Fatherless Daughters: How Growing Up Without a Dad Affects Women
Growing Up Without a Dad Shapes Who You Are
It took six decades, but I can finally utter a huge truth that caused me tremendous shame and sadness: My father didn't love me. I never spoke that deep, dark secret, but it was always festering inside of me. It manifested itself in many ways throughout my life as I struggled with a food obsession, low self-esteem, social anxiety, and depression.
Whether a dad was present but rejecting like mine or walked away from his fatherly duties entirely, his absence leaves an indelible mark on a daughter's psyche as she grows into adulthood. What does the research say about woman who grew up with fathers who didn't love them—daughters who were never daddy's little girl?
Below, you'll find six ways a daughter may be affected by an uninvolved dad.
Fathers provide their daughters with a masculine example. They teach their children about respect and boundaries and help put daughters at ease with other men throughout their lives. [...] So if she didn't grow up with a proper example, she will have less insight and she'll be more likely to go for a man that will replicate the abandonment of her father.— Caitlin Marvaso, AMFT, a grief counselor and therapist in Oakland, CA
1. Fatherless Daughters Have Self-Esteem Issues
According to Deborah Moskovitch, an author and divorce consultant, kids often blame themselves when dad leaves the home and becomes less involved in their lives. When they aren't given an explanation about why dad left, they make up their own scenario and jump to the conclusion that it's their fault and that they're unlovable.
This is especially true for daughters. Countless studies have shown that fatherlessness has an extremely negative impact on daughters' self esteem. Her confidence in her own abilities and value as a human being can be greatly diminished if her father isn't there. Academically, personally, professionally, physically, socially, and romantically, a woman's self esteem is diminished in every setting if she did not form a healthy relationship with her father.
As a child, I watched television shows like The Brady Bunch and Happy Days in which the fathers showered their daughters with tremendous amounts of attention and affection. Because I never got that from my dad, I convinced myself it was because I wasn't cute enough. I thought if I had blond hair and talked with a lisp like Cindy Brady I would then have my dad's devotion. I hated the way I looked because I thought it caused my father's disinterest in me. As I got older, my self-esteem plummeted and I was sure no man would ever find me attractive.
2. Daughters With Absent Fathers Struggle to Build and Maintain Relationships
According to Pamela Thomas, author of Fatherless Daughters (a book that examines how women cope with the loss of a father via death or divorce), women who grew up with absent dads find it difficult to form lasting relationships. Because they were scarred by their dad's rejection of them, they don't want to risk getting hurt again. Consciously or unconsciously, they avoid getting close to people. They may form superficial relationships in which they reveal little of themselves and put very little effort into getting to know others. They may become promiscuous as a way of getting male attention without becoming too emotionally involved.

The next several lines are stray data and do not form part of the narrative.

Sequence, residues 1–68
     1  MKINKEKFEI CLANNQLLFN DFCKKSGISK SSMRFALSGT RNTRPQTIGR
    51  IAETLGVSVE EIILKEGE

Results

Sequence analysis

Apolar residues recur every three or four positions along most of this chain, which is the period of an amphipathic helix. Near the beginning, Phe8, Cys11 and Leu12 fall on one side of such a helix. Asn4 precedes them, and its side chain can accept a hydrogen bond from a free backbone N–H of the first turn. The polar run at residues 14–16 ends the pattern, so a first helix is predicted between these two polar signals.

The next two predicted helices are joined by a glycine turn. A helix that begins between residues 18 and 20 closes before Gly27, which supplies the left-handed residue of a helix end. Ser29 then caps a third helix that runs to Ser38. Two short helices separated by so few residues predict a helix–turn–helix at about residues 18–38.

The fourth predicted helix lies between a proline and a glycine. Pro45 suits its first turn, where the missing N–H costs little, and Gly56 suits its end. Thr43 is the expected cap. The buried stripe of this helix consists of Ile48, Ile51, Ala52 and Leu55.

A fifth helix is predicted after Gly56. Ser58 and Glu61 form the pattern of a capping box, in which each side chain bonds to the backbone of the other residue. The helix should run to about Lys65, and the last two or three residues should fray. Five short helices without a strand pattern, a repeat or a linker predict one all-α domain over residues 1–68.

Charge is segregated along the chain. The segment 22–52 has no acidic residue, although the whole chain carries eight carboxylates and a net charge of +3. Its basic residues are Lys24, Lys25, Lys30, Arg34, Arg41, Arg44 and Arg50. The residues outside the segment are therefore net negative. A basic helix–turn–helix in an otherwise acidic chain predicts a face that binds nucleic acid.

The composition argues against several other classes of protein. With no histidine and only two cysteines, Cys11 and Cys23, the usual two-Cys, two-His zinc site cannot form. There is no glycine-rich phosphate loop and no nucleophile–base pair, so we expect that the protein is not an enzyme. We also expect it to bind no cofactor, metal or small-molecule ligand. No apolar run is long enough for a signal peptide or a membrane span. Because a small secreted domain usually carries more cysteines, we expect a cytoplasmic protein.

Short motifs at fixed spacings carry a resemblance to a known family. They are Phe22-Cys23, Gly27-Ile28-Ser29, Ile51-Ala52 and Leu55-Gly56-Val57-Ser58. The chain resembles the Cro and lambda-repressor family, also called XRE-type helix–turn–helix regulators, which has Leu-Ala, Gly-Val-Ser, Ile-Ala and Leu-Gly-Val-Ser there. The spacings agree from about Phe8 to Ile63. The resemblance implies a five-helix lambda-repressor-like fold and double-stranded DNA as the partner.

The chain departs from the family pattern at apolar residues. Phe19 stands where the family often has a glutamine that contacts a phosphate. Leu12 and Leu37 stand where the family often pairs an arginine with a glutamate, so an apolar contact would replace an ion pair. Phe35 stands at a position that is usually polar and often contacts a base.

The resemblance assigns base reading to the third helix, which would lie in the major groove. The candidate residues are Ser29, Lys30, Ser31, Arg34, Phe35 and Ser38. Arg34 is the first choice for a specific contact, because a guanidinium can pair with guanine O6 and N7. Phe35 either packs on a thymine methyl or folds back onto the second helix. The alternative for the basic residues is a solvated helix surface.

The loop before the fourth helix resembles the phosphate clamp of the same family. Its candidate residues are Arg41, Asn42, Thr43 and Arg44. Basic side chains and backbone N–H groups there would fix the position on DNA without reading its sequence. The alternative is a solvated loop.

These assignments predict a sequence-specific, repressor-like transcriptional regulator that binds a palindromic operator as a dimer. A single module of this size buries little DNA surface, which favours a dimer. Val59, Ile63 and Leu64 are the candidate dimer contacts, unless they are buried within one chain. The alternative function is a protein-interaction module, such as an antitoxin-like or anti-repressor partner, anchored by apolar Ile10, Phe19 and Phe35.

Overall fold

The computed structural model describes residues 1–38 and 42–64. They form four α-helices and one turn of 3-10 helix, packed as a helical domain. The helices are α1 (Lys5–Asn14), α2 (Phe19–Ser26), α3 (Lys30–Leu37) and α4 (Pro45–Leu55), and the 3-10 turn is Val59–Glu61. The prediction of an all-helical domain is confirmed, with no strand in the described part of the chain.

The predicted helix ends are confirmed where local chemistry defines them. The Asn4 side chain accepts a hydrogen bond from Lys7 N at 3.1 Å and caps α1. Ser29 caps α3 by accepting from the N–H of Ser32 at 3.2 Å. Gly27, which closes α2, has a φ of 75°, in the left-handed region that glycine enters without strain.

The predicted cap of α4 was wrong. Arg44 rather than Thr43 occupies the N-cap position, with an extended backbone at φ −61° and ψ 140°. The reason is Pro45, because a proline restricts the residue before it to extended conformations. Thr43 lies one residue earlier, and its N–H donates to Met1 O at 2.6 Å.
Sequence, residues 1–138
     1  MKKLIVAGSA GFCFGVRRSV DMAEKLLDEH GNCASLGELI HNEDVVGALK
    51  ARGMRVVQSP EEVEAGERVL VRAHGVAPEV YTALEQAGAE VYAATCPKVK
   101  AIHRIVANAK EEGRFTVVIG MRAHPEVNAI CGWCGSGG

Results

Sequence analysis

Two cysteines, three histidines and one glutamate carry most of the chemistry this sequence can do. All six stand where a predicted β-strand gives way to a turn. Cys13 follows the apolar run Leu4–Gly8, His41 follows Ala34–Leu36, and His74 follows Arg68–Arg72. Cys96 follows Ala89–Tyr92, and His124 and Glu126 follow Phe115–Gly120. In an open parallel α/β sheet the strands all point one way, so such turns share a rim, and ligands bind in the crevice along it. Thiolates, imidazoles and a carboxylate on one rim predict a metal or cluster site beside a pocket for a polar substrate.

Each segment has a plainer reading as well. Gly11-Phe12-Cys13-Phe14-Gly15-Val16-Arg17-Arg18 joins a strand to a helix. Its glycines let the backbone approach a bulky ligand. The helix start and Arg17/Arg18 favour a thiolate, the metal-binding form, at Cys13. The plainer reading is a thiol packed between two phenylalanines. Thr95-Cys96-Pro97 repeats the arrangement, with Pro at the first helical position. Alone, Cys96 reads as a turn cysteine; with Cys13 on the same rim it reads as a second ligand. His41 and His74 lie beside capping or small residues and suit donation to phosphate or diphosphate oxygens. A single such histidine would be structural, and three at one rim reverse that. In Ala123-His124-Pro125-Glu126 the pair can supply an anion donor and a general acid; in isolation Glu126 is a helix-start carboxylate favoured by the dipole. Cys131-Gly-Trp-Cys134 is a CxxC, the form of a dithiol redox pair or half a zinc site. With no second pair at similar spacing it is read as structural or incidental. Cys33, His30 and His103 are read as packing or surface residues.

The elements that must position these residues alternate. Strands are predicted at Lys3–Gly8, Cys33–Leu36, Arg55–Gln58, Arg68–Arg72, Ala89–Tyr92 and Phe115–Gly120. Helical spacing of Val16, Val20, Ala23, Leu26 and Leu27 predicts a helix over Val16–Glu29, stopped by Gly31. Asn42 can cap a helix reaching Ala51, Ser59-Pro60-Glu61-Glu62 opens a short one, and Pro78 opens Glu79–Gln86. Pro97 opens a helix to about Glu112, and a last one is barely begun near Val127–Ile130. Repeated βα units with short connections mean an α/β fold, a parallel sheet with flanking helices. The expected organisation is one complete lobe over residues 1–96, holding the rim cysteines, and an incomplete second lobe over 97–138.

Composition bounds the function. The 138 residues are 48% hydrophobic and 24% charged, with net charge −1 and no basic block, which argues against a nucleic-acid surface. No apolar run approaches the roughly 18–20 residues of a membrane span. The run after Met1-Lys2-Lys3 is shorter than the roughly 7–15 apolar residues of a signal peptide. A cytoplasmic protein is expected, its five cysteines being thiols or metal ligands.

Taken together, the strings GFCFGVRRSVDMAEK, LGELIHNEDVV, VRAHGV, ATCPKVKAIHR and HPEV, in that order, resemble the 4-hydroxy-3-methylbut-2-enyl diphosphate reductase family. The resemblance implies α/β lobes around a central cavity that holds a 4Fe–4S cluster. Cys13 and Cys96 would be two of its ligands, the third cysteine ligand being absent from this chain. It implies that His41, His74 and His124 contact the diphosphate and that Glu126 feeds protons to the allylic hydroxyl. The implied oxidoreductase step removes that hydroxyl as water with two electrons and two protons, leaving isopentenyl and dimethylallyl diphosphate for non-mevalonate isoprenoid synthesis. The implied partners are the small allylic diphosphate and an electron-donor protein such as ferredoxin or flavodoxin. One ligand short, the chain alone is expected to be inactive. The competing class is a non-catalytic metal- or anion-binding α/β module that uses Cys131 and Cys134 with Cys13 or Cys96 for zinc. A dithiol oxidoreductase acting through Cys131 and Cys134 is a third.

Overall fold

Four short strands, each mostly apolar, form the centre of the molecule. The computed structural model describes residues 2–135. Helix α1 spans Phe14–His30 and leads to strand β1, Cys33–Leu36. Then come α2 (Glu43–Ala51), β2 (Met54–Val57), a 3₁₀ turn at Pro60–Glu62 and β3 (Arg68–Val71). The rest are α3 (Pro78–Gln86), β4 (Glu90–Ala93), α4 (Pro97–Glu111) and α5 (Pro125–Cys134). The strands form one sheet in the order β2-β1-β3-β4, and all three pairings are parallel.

Ever since childhood, I've built walls around myself. I didn't open up to people. I didn't ask questions about their families, jobs, or hobbies. I kept my life private, and I remained socially isolated. These were all self-protective measures so I wouldn't experience rejection like I did with my dad. Knowing this intellectually did nothing to help me change my behavior because my fear of rejection was more powerful than my desire to make connections.
3. Women With Absent Fathers Are More Likely to Have Eating Disorders
In their book The Parent's Guide to Eating Disorders, the authors Marcia Herrin and Nancy Matsumoto write eloquently about the fact that girls with physically or emotionally absent fathers are at greater risk of developing eating disorders. Anorexia nervosa, bulimia, binge-eating, body dysmorphia, unhealthy preoccupations with food or body weight, and other eating disorders are all more likely if a girl does not have a father figure as she's growing up. Daughters without dads are also twice as likely to be obese. Because her longing to have a close relationship with her dad is denied, she may develop what Margo Maine (author of Father Hunger: Fathers, Daughters, & Food) calls “father hunger,” a deep emptiness and a profound insecurity. Daughters are left wondering: What's so wrong with me that my own father doesn't love me? If I looked different—if I was thin—would I earn daddy's love?
I've struggled with "father hunger" throughout my life—stuffing my face to fill the void, dieting to get model-thin, and always obsessing about food. My days have been filled with thoughts of eating—either doing it or struggling mightily not to. When I accepted that my dad didn't love me and that he was an unhappy man with deep-rooted problems, I finally started eating normally and began maintaining a healthy weight. I began treating myself in a loving way by exercising, gardening, reading, walking in the woods, and spending time with family. For the first time in my life, I only thought about food when I was truly hungry. This freed me to enjoy my life in so many wonderful ways.
4. Daughters of Absent Fathers Are More Prone to Depression
Not surprisingly, girls who grew up with dads who were emotionally or physically absent are more likely to struggle with depression as adults. Because they fear abandonment and rejection, these women often isolate themselves emotionally. They avoid healthy romantic relationships because they don't feel deserving and fear getting hurt, but they might jump into unhealthy relationships that ultimately lead to heartbreak. In either scenario, the women are in emotional peril and frequently become depressed. If they don't deal with the cause of their sadness—an absent dad—they may never be able to develop healthy relationships with men.